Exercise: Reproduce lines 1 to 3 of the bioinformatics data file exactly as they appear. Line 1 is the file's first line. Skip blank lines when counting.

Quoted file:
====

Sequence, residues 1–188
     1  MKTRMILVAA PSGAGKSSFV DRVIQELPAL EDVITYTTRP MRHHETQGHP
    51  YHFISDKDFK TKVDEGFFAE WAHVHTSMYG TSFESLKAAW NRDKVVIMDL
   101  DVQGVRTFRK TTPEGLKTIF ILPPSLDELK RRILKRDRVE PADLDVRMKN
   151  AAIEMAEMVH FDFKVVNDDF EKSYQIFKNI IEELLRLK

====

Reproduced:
Sequence, residues 1–188
     1  MKTRMILVAA PSGAGKSSFV DRVIQELPAL EDVITYTTRP MRHHETQGHP
    51  YHFISDKDFK TKVDEGFFAE WAHVHTSMYG TSFESLKAAW NRDKVVIMDL